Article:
Live Review: Joe Gideon + Sterling Roswell at Pin Ups, Islington

It’s Friday 31st January 2020, a day that will undoubtedly go down in British history, but as we make our way to Islington the trains and streets seem thankfully clear of gloating leavers and despondent remainers – everything appears to be very much business as usual. However on a day like this it’s difficult to keep national events off of your mind.

First to attempt to do so on the velvet draped stage of the newly rebranded Pin-Ups (making me feel a little mean for joking about the lack of imagination behind previous moniker The Islington the last time I reviewed a show here) is Sterling Roswell.  Clad in a fetching hat and PVC trousers so tight it’s a miracle that he’s able to stamp his Cuban-heeled foot to keep time to his surrealist antifolk tunes.  Accompanied on hand percussion and a sparingly used giant gong (which sparks the night’s only direct Brexit reference) the former Spacemen 3 drummer throws in some bluesy slide guitar, a country song about The Incredible Hulk and a tribute to Cramps singer Lux Interior in a set that draws us all in to his slightly off-kilter otherworld for half an hour – it’s just a shame that we have to return to reality after the final chord is struck.

Stirling Roswell Pin Ups (2) (Medium)

Through his various musical incarnations, with post-rock explorers Bikini Atoll, in sibling duo Joe Gideon and The Shark and now as a solo artist, Joe Gideon has always been a consummate storyteller.  And it’s difficult with today’s events not to read meaning into the apocalyptic tales of new LP Armagideon.  What with ‘The Gaping Yawn’s warning of “primordial bliss upon the cliff where you stand before you fall,” the comeuppance of ‘Rule Roost’s self-serving, power hungry protagonist who tells his progeny “Not for you to be stranded on a boat out at sea,” or the seemingly Cameron-esque subject of ‘Scaredy Cat’ – but perhaps it’s just the 24 hour news coverage playing tricks on the mind.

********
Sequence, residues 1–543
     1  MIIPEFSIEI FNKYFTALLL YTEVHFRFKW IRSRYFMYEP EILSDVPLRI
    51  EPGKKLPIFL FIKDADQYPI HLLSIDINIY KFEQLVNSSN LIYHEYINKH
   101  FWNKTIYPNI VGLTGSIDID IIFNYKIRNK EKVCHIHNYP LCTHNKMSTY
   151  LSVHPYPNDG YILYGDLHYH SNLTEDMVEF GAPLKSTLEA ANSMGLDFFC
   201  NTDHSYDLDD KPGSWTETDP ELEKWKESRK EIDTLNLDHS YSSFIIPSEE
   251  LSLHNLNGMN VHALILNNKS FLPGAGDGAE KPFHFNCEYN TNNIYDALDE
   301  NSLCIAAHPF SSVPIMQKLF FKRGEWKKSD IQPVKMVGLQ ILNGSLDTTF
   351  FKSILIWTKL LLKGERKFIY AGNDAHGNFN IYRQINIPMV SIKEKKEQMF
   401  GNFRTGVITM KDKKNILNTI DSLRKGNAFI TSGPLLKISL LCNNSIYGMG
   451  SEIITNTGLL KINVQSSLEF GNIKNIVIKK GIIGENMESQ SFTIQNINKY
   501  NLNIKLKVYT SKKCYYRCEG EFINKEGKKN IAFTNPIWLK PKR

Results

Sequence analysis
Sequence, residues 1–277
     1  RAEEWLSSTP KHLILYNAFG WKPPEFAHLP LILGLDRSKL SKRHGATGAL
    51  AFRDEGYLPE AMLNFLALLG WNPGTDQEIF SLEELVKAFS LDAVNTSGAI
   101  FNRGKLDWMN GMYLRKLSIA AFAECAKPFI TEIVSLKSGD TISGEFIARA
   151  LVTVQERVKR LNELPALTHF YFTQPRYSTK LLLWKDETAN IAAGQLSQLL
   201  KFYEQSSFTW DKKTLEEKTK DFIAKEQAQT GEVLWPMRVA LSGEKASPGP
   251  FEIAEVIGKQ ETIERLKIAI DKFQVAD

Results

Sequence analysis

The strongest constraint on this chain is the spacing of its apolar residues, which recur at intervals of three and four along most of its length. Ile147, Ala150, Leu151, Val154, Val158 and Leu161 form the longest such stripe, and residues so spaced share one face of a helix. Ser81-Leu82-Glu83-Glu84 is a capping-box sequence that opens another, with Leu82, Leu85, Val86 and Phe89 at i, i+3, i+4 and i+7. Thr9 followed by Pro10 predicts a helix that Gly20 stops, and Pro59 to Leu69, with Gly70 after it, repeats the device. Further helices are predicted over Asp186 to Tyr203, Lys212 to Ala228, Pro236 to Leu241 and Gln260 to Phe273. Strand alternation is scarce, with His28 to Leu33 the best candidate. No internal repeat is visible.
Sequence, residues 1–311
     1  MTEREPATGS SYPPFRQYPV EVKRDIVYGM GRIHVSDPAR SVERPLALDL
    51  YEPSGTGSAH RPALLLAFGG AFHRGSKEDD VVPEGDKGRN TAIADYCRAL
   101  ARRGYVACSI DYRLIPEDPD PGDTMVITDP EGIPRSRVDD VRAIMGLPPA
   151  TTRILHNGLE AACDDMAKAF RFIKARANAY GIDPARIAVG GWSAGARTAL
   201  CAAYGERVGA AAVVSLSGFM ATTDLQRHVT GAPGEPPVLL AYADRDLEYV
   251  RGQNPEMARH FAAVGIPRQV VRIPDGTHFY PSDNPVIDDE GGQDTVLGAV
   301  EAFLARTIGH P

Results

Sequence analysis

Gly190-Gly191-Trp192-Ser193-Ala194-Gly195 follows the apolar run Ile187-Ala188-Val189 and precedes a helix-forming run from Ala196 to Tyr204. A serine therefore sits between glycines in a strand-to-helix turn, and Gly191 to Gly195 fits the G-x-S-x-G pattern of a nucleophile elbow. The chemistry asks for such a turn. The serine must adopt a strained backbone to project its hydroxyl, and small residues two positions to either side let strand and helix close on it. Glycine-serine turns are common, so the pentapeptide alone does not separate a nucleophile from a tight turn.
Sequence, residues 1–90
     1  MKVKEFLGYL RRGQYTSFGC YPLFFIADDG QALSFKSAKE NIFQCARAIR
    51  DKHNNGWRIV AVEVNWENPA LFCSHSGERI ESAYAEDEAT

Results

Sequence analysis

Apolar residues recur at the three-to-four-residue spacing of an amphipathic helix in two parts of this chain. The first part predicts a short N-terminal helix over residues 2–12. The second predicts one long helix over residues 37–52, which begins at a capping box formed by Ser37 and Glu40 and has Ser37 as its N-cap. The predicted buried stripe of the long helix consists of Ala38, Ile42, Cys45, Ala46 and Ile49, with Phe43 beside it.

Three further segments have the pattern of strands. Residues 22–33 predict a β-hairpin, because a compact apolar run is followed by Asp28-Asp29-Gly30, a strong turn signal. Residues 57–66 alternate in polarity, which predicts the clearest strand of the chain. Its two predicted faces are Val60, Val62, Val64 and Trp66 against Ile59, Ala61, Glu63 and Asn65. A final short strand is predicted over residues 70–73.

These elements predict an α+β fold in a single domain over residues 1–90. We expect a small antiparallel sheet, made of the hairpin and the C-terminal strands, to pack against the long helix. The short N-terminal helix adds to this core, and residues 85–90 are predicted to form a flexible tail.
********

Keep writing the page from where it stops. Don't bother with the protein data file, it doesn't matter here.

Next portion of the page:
Gideon has put together a quite astonishing band for the album and live dates with multi-instrumentalist Gris-de-Lin on keys and backing vocals and Bad Seeds drummer Jim Sclavunos behind the kit joining Gideon’s guitar in weaving an unsettling backdrop to these lyrical journeys.  Thankfully Gideon’s rich, sonorous vocal is there to guide us through the dramatic crashes of ‘Comet Coming Down’ and the mechanical grind of ‘Expandible Mandible’, reassuring us that “Storm’s a’coming, lay low, for it will pass.”

They finish on a breathtaking rendition of a track from his Joe Gideon & The Shark days – Gideon’s songs from Bikini Atoll’s ‘Desolation Highway’ right through to his latest works have always been able to bring a tear to my eye, and as the minimal keys twinkle, the drums whisper in the background and Gideon’s resonant baritone consoles us with the chorus refrain of ‘Everything You Love That Much You Will See Again’, the tissues are out once more and after a lengthy ovation we leave the venue, walking bleary eyed into whatever the future holds for us all, feeling just a little bit lighter.

Review and Photography by Paul Maps
Hear Joe Gideon’s appearance on The Joyzine Radio Show

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